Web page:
Sunday, April 27, 2014

The Death of the Gimme

I am fundamentally opposed to creating a cavernous hole in the middle of every green, as it changes one essential component of the game of golf: the "gimme".

No longer could we take out a putter, place it lengthwise between the hole and the ball and announce "its in the leather". No more could we stride briskly after our first poorly struck putt and knock it away, almost before it stops moving, thereby advising the rest of the group of our 100% certainty that the next stroke would be one of perfection. Never again could we look pleadingly into the eyes of those in our foursome, almost begging to hear the words "that's good".

If the universe were to accept an ultimate golf destination the approximate circumference of the Grand Canyon, how could we talk about the "yips" over a four footer? Those long belly putters would soon be a relic of the past, and the economic ramifications on the industry would be calamitous.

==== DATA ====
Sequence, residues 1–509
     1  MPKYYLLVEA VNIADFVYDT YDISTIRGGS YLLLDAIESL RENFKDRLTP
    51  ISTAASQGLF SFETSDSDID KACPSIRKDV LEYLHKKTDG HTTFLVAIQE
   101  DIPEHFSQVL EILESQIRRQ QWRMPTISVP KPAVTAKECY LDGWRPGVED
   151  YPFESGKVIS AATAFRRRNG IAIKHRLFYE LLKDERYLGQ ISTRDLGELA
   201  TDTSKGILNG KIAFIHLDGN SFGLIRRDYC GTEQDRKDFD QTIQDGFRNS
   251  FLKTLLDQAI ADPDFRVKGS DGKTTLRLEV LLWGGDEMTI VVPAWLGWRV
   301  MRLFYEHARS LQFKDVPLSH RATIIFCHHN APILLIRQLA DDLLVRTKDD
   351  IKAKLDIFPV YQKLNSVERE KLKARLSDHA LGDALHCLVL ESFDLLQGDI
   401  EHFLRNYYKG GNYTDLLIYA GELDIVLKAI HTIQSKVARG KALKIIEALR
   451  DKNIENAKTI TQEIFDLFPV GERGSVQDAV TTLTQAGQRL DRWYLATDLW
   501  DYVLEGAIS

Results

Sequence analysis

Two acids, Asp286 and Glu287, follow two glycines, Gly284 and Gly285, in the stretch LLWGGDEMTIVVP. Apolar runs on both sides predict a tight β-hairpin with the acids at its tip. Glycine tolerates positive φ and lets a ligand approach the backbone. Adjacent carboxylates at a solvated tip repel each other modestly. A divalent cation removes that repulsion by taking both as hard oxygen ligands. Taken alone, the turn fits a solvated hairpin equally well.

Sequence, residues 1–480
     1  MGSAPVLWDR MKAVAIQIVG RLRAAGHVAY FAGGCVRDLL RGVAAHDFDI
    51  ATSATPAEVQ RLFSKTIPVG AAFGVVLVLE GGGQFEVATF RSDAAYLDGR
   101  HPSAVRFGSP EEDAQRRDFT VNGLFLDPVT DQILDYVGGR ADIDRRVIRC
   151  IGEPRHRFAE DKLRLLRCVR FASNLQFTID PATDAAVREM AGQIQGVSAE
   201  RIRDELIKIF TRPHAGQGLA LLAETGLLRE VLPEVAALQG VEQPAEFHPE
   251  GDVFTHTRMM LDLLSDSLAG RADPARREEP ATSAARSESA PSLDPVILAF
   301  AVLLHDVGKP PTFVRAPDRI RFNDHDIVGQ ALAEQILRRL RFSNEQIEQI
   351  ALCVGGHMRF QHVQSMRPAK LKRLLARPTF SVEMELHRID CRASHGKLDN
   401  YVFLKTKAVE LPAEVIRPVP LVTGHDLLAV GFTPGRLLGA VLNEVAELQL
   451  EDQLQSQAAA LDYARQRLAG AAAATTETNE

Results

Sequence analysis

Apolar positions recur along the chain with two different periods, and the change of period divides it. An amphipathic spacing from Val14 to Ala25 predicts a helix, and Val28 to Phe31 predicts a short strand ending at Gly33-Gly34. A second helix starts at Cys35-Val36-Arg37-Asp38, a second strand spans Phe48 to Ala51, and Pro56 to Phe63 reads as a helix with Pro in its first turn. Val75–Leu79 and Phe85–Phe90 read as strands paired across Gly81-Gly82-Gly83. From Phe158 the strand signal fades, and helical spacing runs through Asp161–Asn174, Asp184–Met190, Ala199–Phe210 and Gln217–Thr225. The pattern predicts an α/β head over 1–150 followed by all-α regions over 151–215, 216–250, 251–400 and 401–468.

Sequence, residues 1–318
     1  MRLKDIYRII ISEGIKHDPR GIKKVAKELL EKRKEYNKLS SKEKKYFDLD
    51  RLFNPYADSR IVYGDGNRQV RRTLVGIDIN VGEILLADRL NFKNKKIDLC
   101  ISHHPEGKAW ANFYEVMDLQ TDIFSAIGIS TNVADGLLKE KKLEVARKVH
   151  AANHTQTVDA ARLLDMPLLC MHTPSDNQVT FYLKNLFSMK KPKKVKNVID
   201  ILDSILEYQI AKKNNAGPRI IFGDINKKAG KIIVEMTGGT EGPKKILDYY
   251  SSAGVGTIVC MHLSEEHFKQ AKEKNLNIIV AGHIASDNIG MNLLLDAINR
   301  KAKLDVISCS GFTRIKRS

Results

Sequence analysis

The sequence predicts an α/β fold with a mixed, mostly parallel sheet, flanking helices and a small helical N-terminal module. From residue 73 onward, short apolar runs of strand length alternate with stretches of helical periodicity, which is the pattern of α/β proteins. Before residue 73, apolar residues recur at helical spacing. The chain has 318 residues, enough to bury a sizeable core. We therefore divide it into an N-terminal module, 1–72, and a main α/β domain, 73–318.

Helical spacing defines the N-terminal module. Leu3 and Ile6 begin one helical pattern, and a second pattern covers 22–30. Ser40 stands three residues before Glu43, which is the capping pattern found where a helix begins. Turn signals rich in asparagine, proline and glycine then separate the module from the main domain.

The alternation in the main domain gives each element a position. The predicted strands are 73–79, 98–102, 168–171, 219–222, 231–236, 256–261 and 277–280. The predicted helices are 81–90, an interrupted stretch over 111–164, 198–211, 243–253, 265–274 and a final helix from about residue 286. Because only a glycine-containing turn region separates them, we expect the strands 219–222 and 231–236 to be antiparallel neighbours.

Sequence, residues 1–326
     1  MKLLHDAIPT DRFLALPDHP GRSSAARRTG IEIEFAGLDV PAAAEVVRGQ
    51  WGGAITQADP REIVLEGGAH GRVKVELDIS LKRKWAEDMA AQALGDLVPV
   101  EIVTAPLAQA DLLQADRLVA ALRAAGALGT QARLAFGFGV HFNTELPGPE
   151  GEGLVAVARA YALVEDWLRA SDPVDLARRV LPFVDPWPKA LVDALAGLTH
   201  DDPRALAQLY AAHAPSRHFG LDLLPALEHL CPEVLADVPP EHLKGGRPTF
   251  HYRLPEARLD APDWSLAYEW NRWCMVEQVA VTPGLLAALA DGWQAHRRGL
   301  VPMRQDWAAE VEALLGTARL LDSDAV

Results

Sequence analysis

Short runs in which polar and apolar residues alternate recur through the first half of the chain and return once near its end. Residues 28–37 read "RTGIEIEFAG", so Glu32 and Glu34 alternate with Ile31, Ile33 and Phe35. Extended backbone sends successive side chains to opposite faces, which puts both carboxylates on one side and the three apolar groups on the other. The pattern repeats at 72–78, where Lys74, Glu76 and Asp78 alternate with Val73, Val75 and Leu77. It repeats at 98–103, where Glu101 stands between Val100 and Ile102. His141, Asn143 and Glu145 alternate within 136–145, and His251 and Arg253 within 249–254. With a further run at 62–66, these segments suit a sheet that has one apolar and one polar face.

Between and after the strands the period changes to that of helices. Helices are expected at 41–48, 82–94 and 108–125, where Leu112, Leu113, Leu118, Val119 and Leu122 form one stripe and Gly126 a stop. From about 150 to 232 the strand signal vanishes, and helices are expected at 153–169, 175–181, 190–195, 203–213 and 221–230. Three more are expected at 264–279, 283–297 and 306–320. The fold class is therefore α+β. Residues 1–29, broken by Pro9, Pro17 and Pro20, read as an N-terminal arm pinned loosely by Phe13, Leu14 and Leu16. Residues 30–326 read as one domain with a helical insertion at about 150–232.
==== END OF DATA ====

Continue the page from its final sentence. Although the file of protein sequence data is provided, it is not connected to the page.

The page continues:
My round of golf consists of an accumulation of methods of cheating: two off the first tee, a floating mulligan, moving the ball in the rough, an inability to count past seven, considering out of bounds a mere suggestion and any other way to bend and manipulate the rules so that the ultimate score comes within a few well placed pencil marks of where I require it to be.

Don't mess with perfection. Don't make the green only a receptacle rather than a place where our creative instincts shine most brightly.

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